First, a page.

The importance of maintaining a smooth and clean hull free from biofouling has been outlined in a new report from IMO.
The report – Analysing the Impact of Marine Biofouling on the Energy Efficiency of Ships and the GHG Abatement Potential of Biofouling Management Measures highlights that a layer of slime as thin as 0.5 mm covering up to 50% of a hull surface could trigger an increase of GHG emissions in the range of 25 to 30% depending on ship characteristics, its speed and other prevailing conditions. These percentages can be much higher for more severe biofouling conditions, depending on the type of ships and other parameters.
In addition to analyzing the impact of biofouling on ship efficiency and how current industry practices for biofouling management impact ship efficiency, the study presents results from seven scenarios (or anti-fouling strategies) in relation to a reference (“always clean”) of a target vessel (bulk carrier), between dry-docking periods. These results demonstrate the magnitude of fuel, CO2 and cost savings that can be achieved by keeping this ship as clean as possible from biofouling. Biofouling management is one important contributor to the overall operational efficiency of ships and should be considered by shipowners to achieve IMO’s Carbon Intensity Indicator (CII) rating indicator that measures vessel carbon intensity over time.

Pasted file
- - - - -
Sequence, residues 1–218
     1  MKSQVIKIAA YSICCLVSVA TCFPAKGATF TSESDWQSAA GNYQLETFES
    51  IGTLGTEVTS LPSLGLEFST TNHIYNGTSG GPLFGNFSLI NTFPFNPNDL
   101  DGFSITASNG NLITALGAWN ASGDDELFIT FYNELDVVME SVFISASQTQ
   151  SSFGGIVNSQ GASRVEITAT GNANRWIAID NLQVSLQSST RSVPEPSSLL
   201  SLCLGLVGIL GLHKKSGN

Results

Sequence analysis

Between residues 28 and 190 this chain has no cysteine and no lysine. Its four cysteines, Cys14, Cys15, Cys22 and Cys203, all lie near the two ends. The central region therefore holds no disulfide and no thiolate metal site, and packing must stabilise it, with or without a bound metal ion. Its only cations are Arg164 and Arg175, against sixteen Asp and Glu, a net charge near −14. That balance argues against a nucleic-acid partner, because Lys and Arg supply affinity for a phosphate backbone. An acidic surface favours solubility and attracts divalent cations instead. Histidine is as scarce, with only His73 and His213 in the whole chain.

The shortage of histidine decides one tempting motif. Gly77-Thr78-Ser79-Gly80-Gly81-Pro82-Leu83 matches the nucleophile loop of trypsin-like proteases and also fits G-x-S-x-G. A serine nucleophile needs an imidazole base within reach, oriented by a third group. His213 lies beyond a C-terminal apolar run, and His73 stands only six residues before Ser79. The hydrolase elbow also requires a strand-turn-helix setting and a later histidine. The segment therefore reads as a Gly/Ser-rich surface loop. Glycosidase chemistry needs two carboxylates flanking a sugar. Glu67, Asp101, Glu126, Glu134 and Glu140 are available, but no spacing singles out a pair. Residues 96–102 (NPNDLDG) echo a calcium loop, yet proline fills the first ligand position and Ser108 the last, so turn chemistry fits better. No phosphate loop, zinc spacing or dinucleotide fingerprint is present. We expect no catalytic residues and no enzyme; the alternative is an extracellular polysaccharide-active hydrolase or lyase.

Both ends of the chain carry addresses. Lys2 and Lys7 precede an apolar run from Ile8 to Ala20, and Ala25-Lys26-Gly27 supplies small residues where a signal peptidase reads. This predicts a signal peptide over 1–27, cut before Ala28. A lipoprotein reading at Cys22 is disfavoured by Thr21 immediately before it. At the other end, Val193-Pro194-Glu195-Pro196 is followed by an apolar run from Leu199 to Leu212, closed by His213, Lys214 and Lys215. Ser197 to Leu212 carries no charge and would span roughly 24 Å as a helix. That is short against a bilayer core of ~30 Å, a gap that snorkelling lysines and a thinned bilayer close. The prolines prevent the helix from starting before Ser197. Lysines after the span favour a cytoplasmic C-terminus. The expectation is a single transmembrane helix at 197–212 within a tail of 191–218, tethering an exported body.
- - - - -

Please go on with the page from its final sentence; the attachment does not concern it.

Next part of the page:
Download the full report here: https://www.glofouling.imo.org/publications-menu
The study’s preliminary findings, launched at last November’s COP 26, found that keeping ships’ hulls free from just a thin layer of slime could reduce a ship’s GHG emissions by 25 per cent.
The final report was launched during the The 2nd GloFouling Partnerships Forum and Exhibition on Biofouling Prevention and Management for Maritime Industries (11-14 October), held at the International Maritime Organization (IMO) Headquarters, bringing together international experts from the biofouling sector along with maritime organisations, the industry and academics from around the world.